Lyft raised $1 billion in October, in a financing round led by CapitalG, the growth investment fund of Alphabet Inc and had in September hired an initial public offering advisory firm.

Reporting by Munsif Vengattil in Bengaluru; Editing by Arun Koyyur

Our Standards:The Thomson Reuters Trust Principles.

China's JD.com swings to third-quarter profit, lifting shares

BEIJING (Reuters) – China’s second biggest e-commerce company, JD.com, reported an unexpected profit in the third quarter, though it lost about 100 merchants to fierce competition in the run-up to this month’s Singles’ Day shopping extravaganza.

A sign of China’s e-commerce company JD.com is seen during the third annual World Internet Conference in Wuzhen town of Jiaxing, Zhejiang province, China November 16, 2016. REUTERS/Aly Song

JD (JD.O) posted net earnings of 1 billion yuan ($151 million), its highest ever quarterly profit, in the three months to Sept. 30, far above an analyst consensus forecast of a 213 million yuan loss.

The unexpected profit and a 39 percent rise in revenue boosted the company’s shares, which were 5 percent higher at 1554 GMT. The company reported a net loss of 807.9 million yuan in the third quarter last year.

More recently, JD said it had lost roughly 100 merchants to competition during the promotion period for “Singles’ Day”, China’s biggest online sales event which ended on Saturday.

Chief Financial Officer Sidney Huang said the brands that left the platform were all major Chinese clothing brands, and that the company expected apparel growth to remain stagnant for the next two quarters before recovering.

JD accused its main competitor, Alibaba, of engaging in “coercive” tactics, saying its rival obliged merchants to choose between online platforms.

“Based on the feedback we received from these merchants, the move was mainly due to the coercive tactics from our competitor,” Huang said on a call with analysts.

Alibaba said JD’s allegations were false, and that merchants were free to choose which platforms they use.

“Merchants make their own choices. Alibaba’s scale and technological advantages make it the preferred partner for the world’s top brands,” an Alibaba spokeswoman told Reuters.

JD.com booked $19 billion in total sales over the Singles’ Day festival, which will be reflected in fourth-quarter earnings. Alibaba recorded over $25 billion in revenue during the event’s peak on Saturday.

Once a celebration for China’s lonely hearts, Singles’ Day has become an annual 24-hour buying frenzy that exceeds the combined sales for Black Friday and Cyber Monday in the United States, and acts as a barometer for China’s consumers.

Competition between JD and Alibaba Group Holdings Ltd (BABA.N) has become increasingly heated as the companies invest heavily in overlapping markets.

While JD traditionally leads in online retail sales, backed by extensive infrastructure, Alibaba has sought to win over merchants to its own growing retail platform, underpinned by new investments in logistics this year.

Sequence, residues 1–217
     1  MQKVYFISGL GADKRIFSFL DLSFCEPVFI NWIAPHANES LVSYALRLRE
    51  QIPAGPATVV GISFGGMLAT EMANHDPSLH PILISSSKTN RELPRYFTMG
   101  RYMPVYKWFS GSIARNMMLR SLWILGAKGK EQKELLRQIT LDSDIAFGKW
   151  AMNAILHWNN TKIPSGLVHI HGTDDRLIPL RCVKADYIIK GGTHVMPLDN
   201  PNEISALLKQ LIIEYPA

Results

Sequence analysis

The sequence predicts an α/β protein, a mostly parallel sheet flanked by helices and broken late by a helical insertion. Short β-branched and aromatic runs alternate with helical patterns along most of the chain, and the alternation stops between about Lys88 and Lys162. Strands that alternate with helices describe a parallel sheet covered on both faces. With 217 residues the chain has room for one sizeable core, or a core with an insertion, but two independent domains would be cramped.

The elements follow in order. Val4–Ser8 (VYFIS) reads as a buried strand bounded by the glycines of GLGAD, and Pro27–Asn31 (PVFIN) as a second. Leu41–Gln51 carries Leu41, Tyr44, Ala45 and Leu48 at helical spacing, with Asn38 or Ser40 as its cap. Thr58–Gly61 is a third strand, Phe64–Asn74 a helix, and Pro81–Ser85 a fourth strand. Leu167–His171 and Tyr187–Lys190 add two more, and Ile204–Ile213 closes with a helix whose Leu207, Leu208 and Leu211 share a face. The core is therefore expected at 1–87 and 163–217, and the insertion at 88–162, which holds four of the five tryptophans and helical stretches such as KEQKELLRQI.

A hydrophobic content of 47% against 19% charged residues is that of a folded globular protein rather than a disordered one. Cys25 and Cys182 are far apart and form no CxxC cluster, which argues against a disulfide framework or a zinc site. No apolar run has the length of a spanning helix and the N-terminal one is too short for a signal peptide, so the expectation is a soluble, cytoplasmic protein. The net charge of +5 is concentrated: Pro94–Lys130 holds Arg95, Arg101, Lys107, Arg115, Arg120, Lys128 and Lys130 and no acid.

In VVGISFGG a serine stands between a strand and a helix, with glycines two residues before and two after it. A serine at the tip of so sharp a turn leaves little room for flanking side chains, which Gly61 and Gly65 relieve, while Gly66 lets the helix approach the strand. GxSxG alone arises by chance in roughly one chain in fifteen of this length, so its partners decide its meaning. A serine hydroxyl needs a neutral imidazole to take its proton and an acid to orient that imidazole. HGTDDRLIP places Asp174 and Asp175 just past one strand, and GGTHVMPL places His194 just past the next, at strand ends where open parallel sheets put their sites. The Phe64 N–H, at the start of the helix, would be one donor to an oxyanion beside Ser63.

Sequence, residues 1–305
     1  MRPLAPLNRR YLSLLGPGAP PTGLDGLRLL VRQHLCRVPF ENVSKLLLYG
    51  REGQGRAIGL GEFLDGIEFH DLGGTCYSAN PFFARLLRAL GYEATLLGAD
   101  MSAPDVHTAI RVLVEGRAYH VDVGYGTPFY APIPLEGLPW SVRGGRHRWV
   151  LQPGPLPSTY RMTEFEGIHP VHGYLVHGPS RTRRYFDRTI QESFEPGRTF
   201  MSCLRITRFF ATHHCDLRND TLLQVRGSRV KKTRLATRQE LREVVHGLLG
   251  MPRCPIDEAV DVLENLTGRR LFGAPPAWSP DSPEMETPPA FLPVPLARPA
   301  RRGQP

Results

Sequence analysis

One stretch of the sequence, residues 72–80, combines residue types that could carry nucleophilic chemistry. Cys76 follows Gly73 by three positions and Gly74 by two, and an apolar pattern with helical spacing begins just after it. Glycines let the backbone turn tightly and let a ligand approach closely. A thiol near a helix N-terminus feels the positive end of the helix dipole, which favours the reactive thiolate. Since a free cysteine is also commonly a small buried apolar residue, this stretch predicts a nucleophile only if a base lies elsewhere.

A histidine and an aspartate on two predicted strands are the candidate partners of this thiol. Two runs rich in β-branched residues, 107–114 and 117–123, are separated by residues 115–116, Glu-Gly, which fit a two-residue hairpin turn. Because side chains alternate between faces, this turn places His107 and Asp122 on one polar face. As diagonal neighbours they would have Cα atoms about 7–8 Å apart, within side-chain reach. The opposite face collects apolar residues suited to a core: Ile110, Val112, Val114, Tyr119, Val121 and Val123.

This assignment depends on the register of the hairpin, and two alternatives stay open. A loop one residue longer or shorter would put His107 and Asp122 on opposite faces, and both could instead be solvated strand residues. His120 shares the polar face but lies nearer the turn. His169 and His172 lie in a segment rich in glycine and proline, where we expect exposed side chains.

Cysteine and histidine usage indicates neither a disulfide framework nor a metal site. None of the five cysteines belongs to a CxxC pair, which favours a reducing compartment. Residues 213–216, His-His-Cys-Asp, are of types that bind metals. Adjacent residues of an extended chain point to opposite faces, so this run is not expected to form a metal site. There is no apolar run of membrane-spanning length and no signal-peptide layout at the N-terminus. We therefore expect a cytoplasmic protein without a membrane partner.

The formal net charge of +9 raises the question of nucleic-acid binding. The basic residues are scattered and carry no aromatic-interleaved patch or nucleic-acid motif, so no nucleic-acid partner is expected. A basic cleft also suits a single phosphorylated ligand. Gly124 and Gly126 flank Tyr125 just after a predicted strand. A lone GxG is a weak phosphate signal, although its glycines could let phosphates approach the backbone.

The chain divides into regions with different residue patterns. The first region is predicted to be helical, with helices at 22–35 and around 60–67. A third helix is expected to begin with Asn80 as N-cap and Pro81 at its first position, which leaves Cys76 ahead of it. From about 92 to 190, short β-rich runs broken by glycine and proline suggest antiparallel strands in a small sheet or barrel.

JD’s revenue for the third quarter was 83.8 billion yuan, just above analysts’ mean estimate of 83.6 billion, according to Thomson Reuters I/B/E/S.

Despite strong bottom-line results, gross merchandise volume (GMV) growth still dropped to its lowest rate in a year, reflecting a seasonal lull in sales before Singles’ Day.

Chinese e-commerce giants increasingly experience competitive peaks around bonanza sales events in June and November, interspersed with sluggish interim periods.

“[Sales of appliances and mobile phones] both were dragged by weaker growth in September … mainly due to competition and slow seasonality,” said TH Data Capital analyst Tian Hou in a research note ahead of the earnings.

JD expects revenue for the quarter ending in December to be 107-110 billion yuan, a rise of 35-39 percent, roughly in line with analyst expectations. However, marketing costs related to the November sales, which ran for over a month, are expected to cut into its bottom line.

This year, JD is investing in logistics infrastructure in Southeast Asia, expanding from existing commitments in Indonesia. At home, JD is hoping to tap big spenders with new “white glove” platforms which feature imported food, fashion and electronics.

Last week during a visit to China by U.S. President Donald Trump, JD said it would buy $2 billion in U.S. goods, including $1.2 billion in beef, over the next three years.

($1 = 6.6395 Chinese yuan renminbi)

Reporting by Cate Cadell in Beijing and Munsif Vengattil in Bengaluru; Editing by Bernard Orr, Mark Potter and Adrian Croft

Our Standards:The Thomson Reuters Trust Principles.

What Protects Elephants from Cancer?

Elephants and other large animals have a lower incidence of cancer than would be expected statistically, suggesting that they have evolved ways to protect themselves against the disease. A new study reveals how elephants do it: An old gene that was no longer functional was recycled from the vast “genome junkyard” to increase the sensitivity of elephant cells to DNA damage, enabling them to cull potentially cancerous cells early.

Quanta Magazine

author photo


Original story reprinted with permission from Quanta Magazine, an editorially independent publication of the Simons Foundation whose mission is to enhance public understanding of science by covering research developments and trends in mathematics and the physical and life sciences.